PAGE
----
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South Bound II signs off

Oct 2, 2013
Canadian weather router Herb Hilgenberg has signed off the SSB for the last time. After 25 years of providing free weather advisories to yachtsmen, fishermen, and professional mariners, Hilgenberg is retiring.

Canadian weather router Herb Hilgenberg has signed off the SSB for the last time. After 25 years of providing free weather advisories to yachtsmen, fishermen, and professional mariners, Hilgenberg is retiring.

Photo courtesy Herb Hilgenberg, South Bound Coastal II

For the past 25 years, Canadian sailor and meteorologist Herb Hilgenberg has been providing sailors with weather forecasting and routing advice. His service was offered freely and has helped countless yachts make safe passages and avoid a needless weather related tragedy at sea.  
 
His tireless dedication to those who sought his sage advice is a loss to us all, but now at the age of 76 Hilgenberg has decided to close his North Atlantic radio net and retire.

But Hilgenberg’s retirement is bittersweet. According to his website, “In November of 2011, Herb lost all of his dedication/enthusiasm and commitment to continue operating his daily Net, over 25 years, Call Sign VAX498, (South Bound II Coastal). This was triggered by unjust negative media assessments of Herb’s advice to yachts, participating in the 2011 NARC event.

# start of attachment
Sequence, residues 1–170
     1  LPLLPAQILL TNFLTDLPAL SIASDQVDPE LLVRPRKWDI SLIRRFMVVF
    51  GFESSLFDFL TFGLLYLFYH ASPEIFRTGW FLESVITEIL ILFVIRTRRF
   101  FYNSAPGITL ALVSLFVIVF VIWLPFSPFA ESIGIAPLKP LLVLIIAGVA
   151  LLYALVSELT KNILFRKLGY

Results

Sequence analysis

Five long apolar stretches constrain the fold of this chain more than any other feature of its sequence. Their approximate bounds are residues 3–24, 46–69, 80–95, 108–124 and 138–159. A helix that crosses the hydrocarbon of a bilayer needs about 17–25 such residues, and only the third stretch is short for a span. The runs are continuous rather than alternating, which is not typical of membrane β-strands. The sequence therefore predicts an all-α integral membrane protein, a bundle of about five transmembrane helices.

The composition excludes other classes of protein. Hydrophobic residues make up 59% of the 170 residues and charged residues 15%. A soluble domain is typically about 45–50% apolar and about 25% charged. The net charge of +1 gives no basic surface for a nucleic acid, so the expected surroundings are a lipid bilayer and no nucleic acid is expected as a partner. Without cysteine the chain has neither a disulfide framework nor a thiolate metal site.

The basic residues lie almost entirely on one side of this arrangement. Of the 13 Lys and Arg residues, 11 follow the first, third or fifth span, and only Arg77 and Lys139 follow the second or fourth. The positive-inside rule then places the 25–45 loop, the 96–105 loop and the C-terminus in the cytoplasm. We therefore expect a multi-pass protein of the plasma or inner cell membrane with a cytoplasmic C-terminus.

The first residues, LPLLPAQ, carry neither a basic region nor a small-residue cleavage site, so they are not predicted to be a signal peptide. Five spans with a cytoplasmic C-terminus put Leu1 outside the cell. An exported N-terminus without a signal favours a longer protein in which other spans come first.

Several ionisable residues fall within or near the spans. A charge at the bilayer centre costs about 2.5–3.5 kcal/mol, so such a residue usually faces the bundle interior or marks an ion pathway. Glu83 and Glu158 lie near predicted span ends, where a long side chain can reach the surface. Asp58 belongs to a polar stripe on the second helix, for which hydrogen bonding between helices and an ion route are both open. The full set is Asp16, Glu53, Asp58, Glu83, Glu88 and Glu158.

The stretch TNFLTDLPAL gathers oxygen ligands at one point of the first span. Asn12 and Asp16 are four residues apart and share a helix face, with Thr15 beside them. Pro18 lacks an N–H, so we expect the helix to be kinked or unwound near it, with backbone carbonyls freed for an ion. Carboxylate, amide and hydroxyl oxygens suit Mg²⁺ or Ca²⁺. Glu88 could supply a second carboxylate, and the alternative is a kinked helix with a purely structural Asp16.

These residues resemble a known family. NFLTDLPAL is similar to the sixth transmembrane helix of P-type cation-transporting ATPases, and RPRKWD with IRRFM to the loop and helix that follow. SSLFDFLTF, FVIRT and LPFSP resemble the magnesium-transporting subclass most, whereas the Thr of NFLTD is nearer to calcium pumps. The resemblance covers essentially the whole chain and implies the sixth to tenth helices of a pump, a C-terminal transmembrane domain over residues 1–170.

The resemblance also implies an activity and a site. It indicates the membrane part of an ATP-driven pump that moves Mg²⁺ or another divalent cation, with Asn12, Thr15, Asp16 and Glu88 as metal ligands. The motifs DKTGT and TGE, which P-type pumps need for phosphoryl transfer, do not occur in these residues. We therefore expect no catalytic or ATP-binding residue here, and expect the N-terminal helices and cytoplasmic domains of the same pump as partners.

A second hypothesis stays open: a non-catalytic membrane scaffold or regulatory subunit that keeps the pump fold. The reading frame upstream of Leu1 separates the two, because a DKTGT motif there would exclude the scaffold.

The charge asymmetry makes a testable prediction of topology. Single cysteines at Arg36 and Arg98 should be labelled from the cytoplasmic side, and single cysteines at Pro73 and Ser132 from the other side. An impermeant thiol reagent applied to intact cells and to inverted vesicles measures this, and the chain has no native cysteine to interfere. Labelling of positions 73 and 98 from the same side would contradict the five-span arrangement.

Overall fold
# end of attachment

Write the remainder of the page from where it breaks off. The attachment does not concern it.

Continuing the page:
His inclination was that it would be best to start reducing his level of service beginning in 2012, by requesting that skippers pre-register, and that he would cease coverage of any yachting/cruising races.

While this helped to reduce traffic down to about 325 vessels up to May 31, 2013, covering: tall ships, fishing vessels, motor yachts, experienced yacht delivery captains, past contacts as far back as 25 years, experienced racers/cruisers, as well as responding to requests from Rescue Coordination Centers, his heart is no longer in it to continue.

It gets more difficult climbing up antenna towers at age 76, in order to repair/replace antenna storm damage.”

The single-sideband will be a much lonelier place without Hilgenberg, and the long ocean passages filled with a lot more weather angst. Thank you, Herb for helping to keep so many of us out of harm’s way, and “Have a good watch.”

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